Richard Honiball is responsible for merchandising, planning, and marketing in an omnichannel environment for NEXCOM, a global retailer with over $2B in sales. Before that, he ran his own consultancy, was the former CMO for Haggar Clothing and led men’s and kids private brands at J.C. Penney. Rich is a change agent with expertise in steering the evolution of brands by integrating a company’s proven, profitable heritage with a forward-looking vision to ensure continued success. He likes to push beyond the traditional boundaries to create unexpected POSITIVE results.
Rich also prides himself in being a thought leader who establishes a brand’s core principles to drive growth in an increasingly competitive and crowded marketplace.
Dialexa: From your point of view, where do you see omnichannel now? What are some things that companies are doing well? And, where do you see omnichannel going?
Rich: I think omnichannel is evolving and in a good way. If you go back several years ago when everybody started talking about big data, when people made the conversion going from multichannel or tri-channel to “omnichannel”, it was really about the technology first, and secondarily about the experience. I think we’ve gotten to a point now where the companies that are successful are looking at omnichannel from the experiential part first, from the customer journey perspective, how to improve the lives of their customers - and then are using the technology to facilitate that. The reason I think that’s important is if you go back a hundred years ago in retail per say, you were omnichannel, you had omnichannel. You could go into a retail store, you could trade through a catalogue, you could go to a trunk show, or somebody would go to your office. There were all these different channels you could shop with. Except, they didn’t call it omnichannel, they called it taking care of the customer. So what’s exciting for me is that we’re getting past the point where it’s only all about the technology and to a point where it’s more about the customer and finding the technology to connect with the customer and to make that journey seamless.
Dialexa: What technology do you see coming down the pipeline for omnichannel and what do you hope to see?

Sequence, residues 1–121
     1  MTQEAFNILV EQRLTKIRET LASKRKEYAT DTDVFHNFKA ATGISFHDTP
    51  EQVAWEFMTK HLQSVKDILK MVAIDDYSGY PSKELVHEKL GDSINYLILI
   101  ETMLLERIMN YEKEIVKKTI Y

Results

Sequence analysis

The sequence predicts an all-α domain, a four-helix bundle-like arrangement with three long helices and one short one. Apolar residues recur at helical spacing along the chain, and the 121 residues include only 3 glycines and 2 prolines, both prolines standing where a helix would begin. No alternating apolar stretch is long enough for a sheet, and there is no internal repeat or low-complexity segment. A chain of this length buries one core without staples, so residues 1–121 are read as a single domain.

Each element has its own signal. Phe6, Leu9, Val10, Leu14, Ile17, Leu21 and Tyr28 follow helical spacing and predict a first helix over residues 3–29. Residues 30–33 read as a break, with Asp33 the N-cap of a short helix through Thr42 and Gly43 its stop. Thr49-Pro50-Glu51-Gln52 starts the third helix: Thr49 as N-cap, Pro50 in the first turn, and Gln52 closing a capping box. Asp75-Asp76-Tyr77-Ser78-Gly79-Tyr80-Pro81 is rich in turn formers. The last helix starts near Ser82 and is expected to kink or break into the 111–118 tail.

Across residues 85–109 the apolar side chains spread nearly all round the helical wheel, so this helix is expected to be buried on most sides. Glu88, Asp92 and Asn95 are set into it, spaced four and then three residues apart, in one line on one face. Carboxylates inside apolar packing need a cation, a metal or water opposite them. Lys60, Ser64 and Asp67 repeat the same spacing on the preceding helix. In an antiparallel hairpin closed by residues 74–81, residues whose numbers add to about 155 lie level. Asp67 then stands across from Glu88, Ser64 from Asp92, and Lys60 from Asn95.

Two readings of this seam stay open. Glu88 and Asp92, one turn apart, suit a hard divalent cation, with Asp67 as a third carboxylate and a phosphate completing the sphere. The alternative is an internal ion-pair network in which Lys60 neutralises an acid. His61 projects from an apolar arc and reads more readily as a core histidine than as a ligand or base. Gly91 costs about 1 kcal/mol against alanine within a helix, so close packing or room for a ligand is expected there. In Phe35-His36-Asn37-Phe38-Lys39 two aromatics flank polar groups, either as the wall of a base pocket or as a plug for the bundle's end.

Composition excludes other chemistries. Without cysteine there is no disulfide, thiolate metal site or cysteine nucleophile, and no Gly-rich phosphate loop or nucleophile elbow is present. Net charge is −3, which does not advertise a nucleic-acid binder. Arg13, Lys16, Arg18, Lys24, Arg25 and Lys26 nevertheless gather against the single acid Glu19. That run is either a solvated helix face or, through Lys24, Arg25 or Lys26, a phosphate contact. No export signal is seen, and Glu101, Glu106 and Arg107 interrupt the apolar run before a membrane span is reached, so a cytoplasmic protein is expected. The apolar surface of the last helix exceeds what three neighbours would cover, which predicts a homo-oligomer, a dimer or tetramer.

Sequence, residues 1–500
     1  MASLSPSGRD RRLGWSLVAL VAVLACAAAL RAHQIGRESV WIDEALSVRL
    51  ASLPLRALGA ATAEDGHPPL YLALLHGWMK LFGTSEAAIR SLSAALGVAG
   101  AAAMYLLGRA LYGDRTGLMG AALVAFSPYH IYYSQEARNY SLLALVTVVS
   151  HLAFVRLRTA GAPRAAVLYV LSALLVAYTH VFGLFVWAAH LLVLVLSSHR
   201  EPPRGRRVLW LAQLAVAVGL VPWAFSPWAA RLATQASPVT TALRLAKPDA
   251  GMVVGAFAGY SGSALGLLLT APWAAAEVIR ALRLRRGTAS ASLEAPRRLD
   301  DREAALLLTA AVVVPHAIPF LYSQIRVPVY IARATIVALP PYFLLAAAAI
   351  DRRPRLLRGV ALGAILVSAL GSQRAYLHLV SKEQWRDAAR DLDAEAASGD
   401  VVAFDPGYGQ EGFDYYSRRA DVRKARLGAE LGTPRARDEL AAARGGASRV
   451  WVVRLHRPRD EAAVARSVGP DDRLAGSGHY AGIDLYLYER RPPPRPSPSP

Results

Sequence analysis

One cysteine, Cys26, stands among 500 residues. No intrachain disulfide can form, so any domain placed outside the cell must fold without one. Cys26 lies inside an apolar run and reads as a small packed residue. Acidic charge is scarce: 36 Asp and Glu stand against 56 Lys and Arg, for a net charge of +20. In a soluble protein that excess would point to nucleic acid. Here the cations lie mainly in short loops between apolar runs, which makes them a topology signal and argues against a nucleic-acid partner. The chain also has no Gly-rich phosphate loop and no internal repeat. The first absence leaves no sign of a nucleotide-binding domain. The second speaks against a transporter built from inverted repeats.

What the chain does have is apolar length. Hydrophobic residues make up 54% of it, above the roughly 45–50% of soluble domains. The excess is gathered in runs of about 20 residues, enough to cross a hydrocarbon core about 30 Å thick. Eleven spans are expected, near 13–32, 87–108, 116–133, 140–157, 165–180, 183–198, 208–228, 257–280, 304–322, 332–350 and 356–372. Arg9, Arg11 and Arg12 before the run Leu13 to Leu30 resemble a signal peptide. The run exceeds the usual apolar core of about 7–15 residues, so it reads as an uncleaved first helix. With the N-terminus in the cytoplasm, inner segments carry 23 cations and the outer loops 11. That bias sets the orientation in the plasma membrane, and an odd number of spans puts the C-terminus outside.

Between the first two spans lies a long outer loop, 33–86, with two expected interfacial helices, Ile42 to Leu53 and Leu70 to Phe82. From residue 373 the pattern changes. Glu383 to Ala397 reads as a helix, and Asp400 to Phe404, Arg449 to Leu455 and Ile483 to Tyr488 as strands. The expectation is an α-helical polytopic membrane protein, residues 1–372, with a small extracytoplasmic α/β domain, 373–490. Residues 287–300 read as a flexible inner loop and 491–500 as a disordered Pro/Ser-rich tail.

Rich: You know, I’m fascinated with beacon technology. I think it can run the risk of being creepy but it’s cool all at the same time. Marketers can filter through a lot of the noise and be able to micro-target to you depending on where you are. I think if retailers, marketers or industries use this technology correctly, it’s going to be able to sift through the noise and to deliver what it is I want as a customer. I was at a technology innovation summit and they were showing us an advancement using a beacon type of technology. Imagine walking up to a flight board and using your the Bluetooth from your phone, instead of having to sit there and search to find your flight, the board “recognizes” who you are and says, “Mr. Honiball, your flight is taking off at 9:55, it’s 10 minutes delayed, the gate changed and there’s a Starbucks between here and there, would you like me to order a latte?”
Dialexa: This was at the technology summit?
Rich: This was at the technology summit. We were talking about the ‘what ifs’, and it was specifically on airline travel and the customer journey through the airport and how to make that more seamless.
Dialexa: And this is an actual technology being used now?
Rich: It’s a technology that exists, actually several technologies that companies are trying to put together in a creative way to enhance the customer journey, in this case literally. And again, if it doesn’t add value, it could be creepy, but it’s really cool because what’s the first thing I want to do at an airport? I don’t like wasting time going to the board or even my phone to try and find my flight, and the second thing I’m always looking for is where the Starbucks is. So from that perspective, if it makes my life easier, that’s what I think is cool.
Virtual reality is another thing that I’m fascinated with. I think so much has been focused on the device - is the smart tablet dead? Is it now a “phablet”? Are the laptops going to go away? What’s going to happen with the Surface? And, you’ve got iPad Pro and the Apple watch obviously, I think we’re heading towards a time where the device itself could matter less and everything will be done through some sort of virtual reality. I also watched Buck Rogers as a kid.
Dialexa: Anything else that you want to talk about as far as omnichannel?
Rich: You know, I think it really boils down to the customer. I think the biggest issue that we have right now, we are a consumerism-driven economy, we make less stuff, we buy stuff. But today, thankfully, I think we are making smarter decisions. We want smaller houses, we want fewer possessions that don’t add value, we value experiences more. That may lead to a contraction of retail for stores that don’t offer the customer great product and a great experience, regardless of where they shop. If you say that technology has come to the point where it’s making the customer path and journey better, where it leads us as retailers to the point where we can offer products and services that matter, that the customer really wants, the next step is truly understanding what we want at the end of the journey. And it’s not just more stuff, it’s a better life. And, that’s the dot that needs to connect next.